Do you dream of pursuing a college education abroad, particularly in the United States? Look no further, here’s all you need to know about the test you need to take – the SAT, along with some useful tips from Pedagoge Baba on how to get the score you desire.
What is the SAT?
The Scholastic Aptitude Test, also known as The SAT Reasoning Test, is a standardized test that is accepted by colleges for undergraduate courses in the United States. It is owned and published by the College Board, a private, for-profit corporation, and is developed and administered on its behalf by the Educational Testing Service (ETS).
Why would you take it?
If you are planning to pursue a Bachelor’s Degree in the United States, there is a high chance that you will be required to take the SAT. In addition, there are also various SAT Subject Tests that evaluate a student’s knowledge on a specific subject(s).
The cost of taking the SAT varies depending on your country. For a student residing in India, the SAT costs $95 without the essay and $109 with the essay. The SAT Subject Test costs $75 to register with an additional $21 per subject test. Multiple subject tests can be taken on one day.
Although SAT scores are valid for a period of 5 years, most colleges do not accept scores that are more than 2-3 years old. It is preferable to take the SAT in your penultimate or ultimate year in school, that is, 1-2 years before applying to college.
ETS requires you to submit an original, valid identity which includes your name, photograph, and signature. The primary acceptable ID is your valid passport. Additionally, you need to fulfill the requirements of the individual institutions you are applying for.
The SAT is a paper-based test only. It is available in most countries and there are a plethora of test centers in all major cities in India. Use this website to find your nearest test center.
In the 2017-18 and 2018-19 school years, the SAT will be available internationally in October, December, March, and May. SAT Subject Tests will be available in October, November, December, May, and June.
It costs $11.25 per score report to send scores to institutions of your choice (4 are free of cost which is obtained while registering for the SAT).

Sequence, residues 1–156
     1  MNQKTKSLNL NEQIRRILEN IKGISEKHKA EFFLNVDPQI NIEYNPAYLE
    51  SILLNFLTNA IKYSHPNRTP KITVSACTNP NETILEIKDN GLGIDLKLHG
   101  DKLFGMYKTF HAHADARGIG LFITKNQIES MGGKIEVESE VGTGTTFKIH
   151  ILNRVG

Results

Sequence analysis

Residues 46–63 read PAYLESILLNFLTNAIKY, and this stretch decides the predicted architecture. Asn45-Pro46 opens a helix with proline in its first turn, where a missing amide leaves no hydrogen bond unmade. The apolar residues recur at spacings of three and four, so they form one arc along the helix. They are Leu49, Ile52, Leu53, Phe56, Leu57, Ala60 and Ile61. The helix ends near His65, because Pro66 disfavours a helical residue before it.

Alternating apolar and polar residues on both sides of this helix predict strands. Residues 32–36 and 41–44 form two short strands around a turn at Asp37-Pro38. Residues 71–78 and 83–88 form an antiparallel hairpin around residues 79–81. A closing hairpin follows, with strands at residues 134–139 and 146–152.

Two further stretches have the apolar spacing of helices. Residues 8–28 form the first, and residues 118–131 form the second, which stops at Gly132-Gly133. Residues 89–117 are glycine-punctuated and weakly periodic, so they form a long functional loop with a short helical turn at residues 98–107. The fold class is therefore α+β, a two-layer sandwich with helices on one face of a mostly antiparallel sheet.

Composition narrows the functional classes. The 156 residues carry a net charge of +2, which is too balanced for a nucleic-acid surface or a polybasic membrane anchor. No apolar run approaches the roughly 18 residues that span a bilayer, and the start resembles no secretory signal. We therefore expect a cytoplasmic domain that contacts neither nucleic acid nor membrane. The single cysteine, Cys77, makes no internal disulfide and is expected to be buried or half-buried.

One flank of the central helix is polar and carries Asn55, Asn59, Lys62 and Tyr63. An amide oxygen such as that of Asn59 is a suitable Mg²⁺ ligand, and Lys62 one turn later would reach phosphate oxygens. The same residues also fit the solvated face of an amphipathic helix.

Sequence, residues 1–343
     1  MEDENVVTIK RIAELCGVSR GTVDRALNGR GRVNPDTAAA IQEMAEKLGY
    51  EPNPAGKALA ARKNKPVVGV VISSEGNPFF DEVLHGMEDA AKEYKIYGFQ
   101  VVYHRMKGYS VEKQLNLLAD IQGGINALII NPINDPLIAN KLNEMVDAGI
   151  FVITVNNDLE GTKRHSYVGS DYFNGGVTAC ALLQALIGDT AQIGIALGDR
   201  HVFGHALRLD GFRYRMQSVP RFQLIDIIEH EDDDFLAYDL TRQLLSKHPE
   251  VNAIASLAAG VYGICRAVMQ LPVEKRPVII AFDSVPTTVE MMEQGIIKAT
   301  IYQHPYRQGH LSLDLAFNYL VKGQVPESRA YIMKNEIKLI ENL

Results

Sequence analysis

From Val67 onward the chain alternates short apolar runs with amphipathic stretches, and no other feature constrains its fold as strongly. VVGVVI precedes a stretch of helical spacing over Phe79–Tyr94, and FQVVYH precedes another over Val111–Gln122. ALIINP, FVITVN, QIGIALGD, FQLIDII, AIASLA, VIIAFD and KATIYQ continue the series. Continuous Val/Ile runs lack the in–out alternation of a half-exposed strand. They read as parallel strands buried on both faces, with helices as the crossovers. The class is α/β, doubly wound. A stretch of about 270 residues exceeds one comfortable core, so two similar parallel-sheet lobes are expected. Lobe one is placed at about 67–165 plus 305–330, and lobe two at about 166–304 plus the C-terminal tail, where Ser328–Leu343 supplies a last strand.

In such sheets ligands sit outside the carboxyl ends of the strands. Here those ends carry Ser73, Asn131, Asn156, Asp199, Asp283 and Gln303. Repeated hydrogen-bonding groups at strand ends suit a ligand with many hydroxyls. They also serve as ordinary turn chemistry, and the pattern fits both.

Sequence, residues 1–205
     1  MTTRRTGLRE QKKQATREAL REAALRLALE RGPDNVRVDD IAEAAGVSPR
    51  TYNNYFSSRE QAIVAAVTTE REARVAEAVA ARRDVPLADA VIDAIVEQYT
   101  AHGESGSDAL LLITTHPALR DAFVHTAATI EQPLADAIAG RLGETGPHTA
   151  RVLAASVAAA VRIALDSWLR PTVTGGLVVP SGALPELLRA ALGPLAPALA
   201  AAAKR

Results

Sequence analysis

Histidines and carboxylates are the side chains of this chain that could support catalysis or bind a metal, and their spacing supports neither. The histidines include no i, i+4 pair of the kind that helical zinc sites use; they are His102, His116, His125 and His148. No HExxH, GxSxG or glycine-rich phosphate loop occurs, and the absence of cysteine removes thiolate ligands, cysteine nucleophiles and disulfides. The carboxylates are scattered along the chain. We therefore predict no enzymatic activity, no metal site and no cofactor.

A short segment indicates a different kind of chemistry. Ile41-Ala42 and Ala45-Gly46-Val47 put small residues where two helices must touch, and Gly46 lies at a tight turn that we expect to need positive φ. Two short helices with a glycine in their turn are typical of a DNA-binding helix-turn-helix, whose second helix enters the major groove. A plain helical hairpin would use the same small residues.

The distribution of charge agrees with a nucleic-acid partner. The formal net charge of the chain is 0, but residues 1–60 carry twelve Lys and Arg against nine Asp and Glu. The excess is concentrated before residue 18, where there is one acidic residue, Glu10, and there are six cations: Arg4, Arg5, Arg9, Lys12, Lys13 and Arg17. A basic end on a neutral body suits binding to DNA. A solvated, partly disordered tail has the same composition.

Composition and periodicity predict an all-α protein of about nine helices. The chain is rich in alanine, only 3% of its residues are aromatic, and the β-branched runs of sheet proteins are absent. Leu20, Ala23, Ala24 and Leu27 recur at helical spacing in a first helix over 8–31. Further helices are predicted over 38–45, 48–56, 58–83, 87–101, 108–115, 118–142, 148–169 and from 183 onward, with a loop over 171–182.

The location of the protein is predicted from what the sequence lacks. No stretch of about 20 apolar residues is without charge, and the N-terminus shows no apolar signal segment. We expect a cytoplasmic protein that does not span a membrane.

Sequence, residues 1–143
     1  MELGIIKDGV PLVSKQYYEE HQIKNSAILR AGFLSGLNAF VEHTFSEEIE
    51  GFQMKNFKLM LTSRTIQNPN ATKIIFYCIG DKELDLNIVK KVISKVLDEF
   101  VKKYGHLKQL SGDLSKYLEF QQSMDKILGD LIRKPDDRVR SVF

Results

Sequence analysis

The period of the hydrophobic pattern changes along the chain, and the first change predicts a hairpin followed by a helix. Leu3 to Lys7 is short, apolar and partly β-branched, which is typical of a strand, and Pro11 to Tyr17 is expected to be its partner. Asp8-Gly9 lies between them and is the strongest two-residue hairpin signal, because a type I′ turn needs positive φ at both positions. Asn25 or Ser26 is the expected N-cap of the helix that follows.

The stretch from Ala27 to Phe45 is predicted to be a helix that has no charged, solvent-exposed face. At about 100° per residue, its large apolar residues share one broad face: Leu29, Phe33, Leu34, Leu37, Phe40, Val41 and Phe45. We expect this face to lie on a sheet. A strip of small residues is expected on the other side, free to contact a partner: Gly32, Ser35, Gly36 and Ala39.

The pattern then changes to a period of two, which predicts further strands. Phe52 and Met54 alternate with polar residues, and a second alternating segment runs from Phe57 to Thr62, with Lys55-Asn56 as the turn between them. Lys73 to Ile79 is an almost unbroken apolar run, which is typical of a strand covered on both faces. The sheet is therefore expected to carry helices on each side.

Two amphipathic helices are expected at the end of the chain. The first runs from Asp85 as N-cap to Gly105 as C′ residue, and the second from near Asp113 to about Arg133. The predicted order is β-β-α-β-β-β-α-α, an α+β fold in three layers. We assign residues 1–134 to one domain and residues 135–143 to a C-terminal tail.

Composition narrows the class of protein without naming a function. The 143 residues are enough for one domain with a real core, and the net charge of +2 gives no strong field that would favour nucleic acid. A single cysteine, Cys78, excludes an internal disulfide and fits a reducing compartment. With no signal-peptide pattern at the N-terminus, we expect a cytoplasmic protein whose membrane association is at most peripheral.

The SAT consists of two compulsory sections:
- Evidence-based Reading and Writing
The Evidence Based Reading and Writing sections comprise a Reading test, and a Writing and Language test. It tests your ability to understand a passage and answer questions on the basis of what is stated and implied in the passage. They lay emphasis on scientific reasoning and the meaning of words in extended contexts.
The Math sections cover a range of math practices with an emphasis on algebra, problem-solving, modeling, data interpretation and graphs. There is one section which does not allow the use of a calculator.
- Essay, (optional)
The Essay provides a passage written by an author. The student’s job is to analyze the manner in which the author builds the argument.
The entire test is scored out of 1600 which is equally divided into sub-scores of 800 each for Reading & Writing and Math. The essay has a combined score of two raters, each scoring on a scale of 1-4.
3 hours (plus 50 minutes for the optional essay)
The number of questions and time-allotted section-wise is as follows:
Reading: 52 questions, time allotted: 65 minutes
Writing & Language: 44 questions, time allotted: 35 minutes
Math: 58 questions, time allotted: 80 minutes
Essay (optional): 1, time allotted: 50 minutes
Unlike the old SAT, the redesigned new SAT does not have any negative marking for wrong answers.
Pedagoge Baba’s advice:
- It’s important to study hard, but it is more important to study smart. Find out which parts of the SAT are more challenging for you and focus on improving those parts.
- There are many books and study material to refer –McGraw Hill, Barron’s, Collegeboard, Kaplan, and so on.
- Time your practice sessions and create an environment that best mirrors the environment of the actual test.
- Shortlist colleges that you wish to apply to and find out which colleges require you to take the subject tests as well.
- Start practicing a couple of months in advance of the test date. Space out your practice sessions and remember, there’s no shortcut to success.
- Lastly, don’t be too hard on yourself. You can take multiple attempts (2-3) and most colleges count your best scores across all the attempts. Don’t be disappointed if you didn’t get your desired score.
- Here’s a list of resources to help you practice smarter and harder- Magoosh , Khan Academy, Sat vocabulary